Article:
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Examiner
  • Bob Buckley: The right to sue and the legislature

  • In 2012, the Missouri Supreme Court decided two cases that appear to be inconsistent. A decision in July of last year invalidated the statutory limitations on non-economic damages in medical malpractice cases that do not involve death. Earlier, in April of 2012, a similar case was decided that upheld the limit on non-econo...
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  • In 2012, the Missouri Supreme Court decided two cases that appear to be inconsistent. A decision in July of last year invalidated the statutory limitations on non-economic damages in medical malpractice cases that do not involve death. Earlier, in April of 2012, a similar case was decided that upheld the limit on non-economic damages in wrongful death cases. Although the decisions have an appearance of inconsistency, there is a logical explanation for this schizophrenia.
    Non-economic damages are defined as those arising from non-pecuniary harm such as pain, suffering, mental anguish, inconvenience, physical impairment, disfigurement and loss of capacity to enjoy life. In malpractice wrongful death cases, such damages include loss of consortium, services, companionship, comfort, instruction, guidance, counsel, training, and support. In many cases, these damages are catastrophic.
    In the first decision, a wrongful death case decided by a Jackson County jury, the verdict was well in excess of the caps of $350,000. A challenge was made that the caps or limitations violated the Missouri constitutional right to trial by jury. The basis was that the jury, not the legislature, should decide the amount of damages.
    The Supreme Court decided that the legislature had the right to place restrictions because wrongful death is a cause of action created by the legislature. The rationale is that if the legislature creates the cause of action, it also can impose restrictions.
    On the other hand, malpractice cases that do not involve death are based on the common law that dates back to English law established before the United States even existed.
    For many years, there was no limit on the amount of money that could be recovered in a wrongful death case until the Missouri General Assembly passed legislation in 1986 that imposed limits on non-economic damages in malpractice cases.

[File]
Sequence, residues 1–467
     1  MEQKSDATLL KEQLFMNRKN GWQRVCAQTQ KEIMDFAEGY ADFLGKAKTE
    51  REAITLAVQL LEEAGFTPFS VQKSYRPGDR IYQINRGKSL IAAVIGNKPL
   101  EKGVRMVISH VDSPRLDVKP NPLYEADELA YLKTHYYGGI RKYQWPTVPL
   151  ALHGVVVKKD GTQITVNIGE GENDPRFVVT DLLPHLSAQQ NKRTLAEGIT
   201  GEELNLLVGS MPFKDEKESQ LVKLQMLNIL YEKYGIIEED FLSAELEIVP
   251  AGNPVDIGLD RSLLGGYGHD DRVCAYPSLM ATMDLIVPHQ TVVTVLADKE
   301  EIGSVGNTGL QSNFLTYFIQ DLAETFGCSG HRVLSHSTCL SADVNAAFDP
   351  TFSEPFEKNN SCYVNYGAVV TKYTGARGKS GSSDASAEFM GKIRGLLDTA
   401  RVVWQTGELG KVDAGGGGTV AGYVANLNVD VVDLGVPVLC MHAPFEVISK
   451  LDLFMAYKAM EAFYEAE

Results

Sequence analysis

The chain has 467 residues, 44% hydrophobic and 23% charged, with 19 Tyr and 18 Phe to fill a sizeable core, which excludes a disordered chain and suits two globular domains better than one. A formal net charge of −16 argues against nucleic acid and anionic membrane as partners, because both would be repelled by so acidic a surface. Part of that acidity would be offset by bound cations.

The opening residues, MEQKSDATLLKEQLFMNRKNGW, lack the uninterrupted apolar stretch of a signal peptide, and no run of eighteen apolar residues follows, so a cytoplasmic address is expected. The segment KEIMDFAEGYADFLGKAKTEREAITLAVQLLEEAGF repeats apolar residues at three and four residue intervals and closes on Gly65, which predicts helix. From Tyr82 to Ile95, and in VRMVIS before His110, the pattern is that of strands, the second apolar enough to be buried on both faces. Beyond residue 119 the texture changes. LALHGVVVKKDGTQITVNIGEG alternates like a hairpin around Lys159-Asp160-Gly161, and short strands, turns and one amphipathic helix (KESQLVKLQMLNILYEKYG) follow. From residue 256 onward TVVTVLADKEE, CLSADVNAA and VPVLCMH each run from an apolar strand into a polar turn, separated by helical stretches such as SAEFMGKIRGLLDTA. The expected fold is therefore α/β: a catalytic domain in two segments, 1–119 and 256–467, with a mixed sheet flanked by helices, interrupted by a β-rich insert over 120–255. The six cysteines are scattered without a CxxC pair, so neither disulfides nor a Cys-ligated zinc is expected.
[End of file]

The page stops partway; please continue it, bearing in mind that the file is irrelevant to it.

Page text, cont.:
The cap imposed in 1986 was $350,000, but an inflationary clause was included in the cap so that the limit was increased to an amount in excess of $600,000. This was the law of Missouri until the legislature decided in 2005 to roll back the cap on non-economic damages to $350,000 without an inflationary provision.
    The 1986 law was upheld by the Supreme Court in a case decided in 1992 and for the next 13 years we all lived with the caps that had been upheld. After the substantial reduction in 2005, everyone expected a new challenge. The challenge arose when a Jackson County jury rendered a verdict in excess of $1,000,000 in a wrongful death case. The trial judge reduced the verdict to comply with the 2005 limits and the case was appealed to the Missouri Supreme Court, which led to the decision upholding the caps.
    Many of us disagreed with the logic of the case. If the right to trial by jury is inviolate and is the cornerstone of our constitution, how can the legislature blatantly take away that right to trial by jury?
    Page 2 of 2 - While the wrongful death case was on appeal, another case was being appealed after a verdict was rendered in Springfield for an infant who suffered brain damage during labor and delivery as the result of the negligence of a health care provider. The non-economic damage verdict in that case was over $1,000,000, but the judge reduced the amount to $350,000 to comply with the cap.
    Then, just three months after the wrongful death decision, the Supreme Court decided that the caps were unconstitutional in injury cases because they violated the right to trial by jury. Thus, the law of Missouri is that there are no limits on non-economic damages in malpractice cases involving injury, but there are limits in death cases.
    It did not take long for new legislation to be introduced to respond to the July 2012 decision. Senator Brown, a veterinarian from Rolla, has introduced a bill which essentially declares that there is no right to sue for medical malpractice in the common law, even though that right has existed for approximately 400 years.
    Senator Brown’s bill then creates a statutory cause of action in malpractice injury cases with the thought that if the legislature created the right of action, it could restrict such right by placing limits on the right to sue like it did in wrongful death cases. Senator Brown’s bill destroys 400 years of legal precedent. While I can understand the Supreme Court’s schizophrenia in the two non-economic damage cases, it is hard to explain this misguided attempt to change the law. Senator Brown obviously has no respect for legal precedent.
    The bill may pass unless enough brave representatives and senators think that the right to trial by jury is essential to our legal system. Uncertainty will abound in the meantime as we await the legislature’s action and the legal challenge to this unprecedented destruction of the common law that is certain to follow.
    Bob Buckley is an attorney in Independence. Email him at bbuckley@wagblaw.com
     
     
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